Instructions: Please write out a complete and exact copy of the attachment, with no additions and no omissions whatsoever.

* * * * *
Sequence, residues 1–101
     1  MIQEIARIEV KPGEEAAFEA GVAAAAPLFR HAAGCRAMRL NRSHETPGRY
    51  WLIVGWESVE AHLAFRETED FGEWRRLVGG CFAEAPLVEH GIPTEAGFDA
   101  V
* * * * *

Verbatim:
Sequence, residues 1–101
     1  MIQEIARIEV KPGEEAAFEA GVAAAAPLFR HAAGCRAMRL NRSHETPGRY
    51  WLIVGWESVE AHLAFRETED FGEWRRLVGG CFAEAPLVEH GIPTEAGFDA
   101  V